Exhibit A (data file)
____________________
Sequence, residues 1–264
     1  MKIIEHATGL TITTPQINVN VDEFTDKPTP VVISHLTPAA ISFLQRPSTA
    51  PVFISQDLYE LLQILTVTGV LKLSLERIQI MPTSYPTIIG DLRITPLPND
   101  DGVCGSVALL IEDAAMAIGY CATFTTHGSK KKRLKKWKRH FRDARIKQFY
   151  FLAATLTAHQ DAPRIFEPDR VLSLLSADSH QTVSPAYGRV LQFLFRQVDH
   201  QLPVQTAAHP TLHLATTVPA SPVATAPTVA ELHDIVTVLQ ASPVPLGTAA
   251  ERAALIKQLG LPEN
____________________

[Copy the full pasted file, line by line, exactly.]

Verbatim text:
Sequence, residues 1–264
     1  MKIIEHATGL TITTPQINVN VDEFTDKPTP VVISHLTPAA ISFLQRPSTA
    51  PVFISQDLYE LLQILTVTGV LKLSLERIQI MPTSYPTIIG DLRITPLPND
   101  DGVCGSVALL IEDAAMAIGY CATFTTHGSK KKRLKKWKRH FRDARIKQFY
   151  FLAATLTAHQ DAPRIFEPDR VLSLLSADSH QTVSPAYGRV LQFLFRQVDH
   201  QLPVQTAAHP TLHLATTVPA SPVATAPTVA ELHDIVTVLQ ASPVPLGTAA
   251  ERAALIKQLG LPEN